By gathering community input and reporting it back to Austin stakeholders, staff were able to demonstrate that the priorities of its residents were being considered transparently. Here are just few of the steps the city team took to ensure this process:

    1. After an initial survey, Austin created visual reports and embedded them directly into the city’s website.
    2. By making it optional to provide an email address when taking the survey, the city was able to let those residents who provided an email (680+) know that the results had been posted and thank them for participating.
    3. The city council then took that input from the public and implemented it in their opening negotiations with MLS ownership.
    4. Austin offered up a second opportunity for resident input, this time in the form of an online town hall, laying out the initial provisions. During this time, residents were able to elaborate and drill down into the issues that meant the most to them.
    5. With this follow-up feedback, the communications team returned to City Council and the economic development team with a thorough understanding of where the community stood.
    6. Austin used this feedback, proportionate to concern and interest, directly in the final stages of negotiation with MLS ownership.


Closing the feedback loop builds relationships and public trust

After looking at email engagement data from dozens of PublicInput customers and over 6 million emails generated from our platform, a clear pattern emerged. Residents want to hear from state and local governments about the issues that topics that may impact them. By lowering the barriers to participation, capturing relevant information, and most importantly by following up, governments can ensure that their decisions are transparent, effective, and sustainable.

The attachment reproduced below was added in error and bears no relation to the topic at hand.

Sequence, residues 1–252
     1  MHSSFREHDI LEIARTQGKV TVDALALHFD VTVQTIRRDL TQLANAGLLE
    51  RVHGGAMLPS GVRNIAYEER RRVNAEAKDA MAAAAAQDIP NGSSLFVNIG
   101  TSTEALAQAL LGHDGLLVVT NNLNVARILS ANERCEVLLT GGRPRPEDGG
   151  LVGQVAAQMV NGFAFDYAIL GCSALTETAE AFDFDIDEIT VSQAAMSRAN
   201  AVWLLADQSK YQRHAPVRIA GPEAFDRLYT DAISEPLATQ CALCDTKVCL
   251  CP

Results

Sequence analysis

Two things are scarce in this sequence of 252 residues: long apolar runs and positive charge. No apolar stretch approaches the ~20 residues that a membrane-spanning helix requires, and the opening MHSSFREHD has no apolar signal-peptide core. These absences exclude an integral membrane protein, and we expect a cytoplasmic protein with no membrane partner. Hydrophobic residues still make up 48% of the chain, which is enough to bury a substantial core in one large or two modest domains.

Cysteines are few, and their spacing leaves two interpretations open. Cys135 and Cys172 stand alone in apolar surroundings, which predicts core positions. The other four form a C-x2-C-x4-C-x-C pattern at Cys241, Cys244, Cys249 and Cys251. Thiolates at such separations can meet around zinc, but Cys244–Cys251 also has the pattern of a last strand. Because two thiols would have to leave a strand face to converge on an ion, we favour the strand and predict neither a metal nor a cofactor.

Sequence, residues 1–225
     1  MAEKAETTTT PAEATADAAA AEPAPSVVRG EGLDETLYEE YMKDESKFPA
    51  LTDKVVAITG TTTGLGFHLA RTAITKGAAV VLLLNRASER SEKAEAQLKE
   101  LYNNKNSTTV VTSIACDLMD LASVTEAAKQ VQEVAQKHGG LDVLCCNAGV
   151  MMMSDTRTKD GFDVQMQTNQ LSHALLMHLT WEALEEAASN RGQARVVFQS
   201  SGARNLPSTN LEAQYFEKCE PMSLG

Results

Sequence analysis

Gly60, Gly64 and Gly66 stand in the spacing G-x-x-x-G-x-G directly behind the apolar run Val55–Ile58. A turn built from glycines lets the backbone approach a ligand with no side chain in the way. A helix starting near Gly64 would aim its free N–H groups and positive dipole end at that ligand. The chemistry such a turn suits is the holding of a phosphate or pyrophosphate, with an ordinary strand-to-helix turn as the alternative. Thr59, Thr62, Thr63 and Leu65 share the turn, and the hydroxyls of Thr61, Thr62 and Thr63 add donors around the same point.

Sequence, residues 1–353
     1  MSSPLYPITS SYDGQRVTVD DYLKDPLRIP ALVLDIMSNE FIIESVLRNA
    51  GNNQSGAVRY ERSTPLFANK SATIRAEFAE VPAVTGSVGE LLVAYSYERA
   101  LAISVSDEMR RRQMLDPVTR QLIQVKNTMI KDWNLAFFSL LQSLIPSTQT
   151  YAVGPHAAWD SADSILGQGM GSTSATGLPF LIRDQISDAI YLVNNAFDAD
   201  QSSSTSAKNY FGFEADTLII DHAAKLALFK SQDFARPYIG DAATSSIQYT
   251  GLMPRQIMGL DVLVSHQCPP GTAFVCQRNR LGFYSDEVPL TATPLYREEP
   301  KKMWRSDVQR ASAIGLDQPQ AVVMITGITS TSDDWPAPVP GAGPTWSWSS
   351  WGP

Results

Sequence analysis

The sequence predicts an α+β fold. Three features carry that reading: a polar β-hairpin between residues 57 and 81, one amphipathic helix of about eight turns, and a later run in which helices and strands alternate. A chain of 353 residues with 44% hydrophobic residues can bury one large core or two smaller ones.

Agencies closing the loop with residents mid-project or immediately following a project saw open and click rates far above industry-average benchmarks. In fact, when compared with MailChimp, the leading e-commerce email tool, our partner agencies achieved more than double the industry average open rate:

Here are a few real life community engagement examples from our customers:

Closing the feedback loop isn’t just a nicety, it has a real impact on making more informed decisions that improve the day-to-day quality of life for residents. Through continuous engagement and two-way communications, state and local governments can actively build relationships and public trust. In fact, this has quantifiably been found true through research by The World Bank: closing the feedback loop is critical to building public trust.


Decrease Workload and Build Public Trust

Want to learn more about how your agency can streamlining your community engagement efforts to save time, increasing trust and expand participation?

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Engage using standard survey question formats that you’re used to with consumer survey tools. From the single and multi-select, to Likert, slider, and text input formats, you’ve got the basics covered.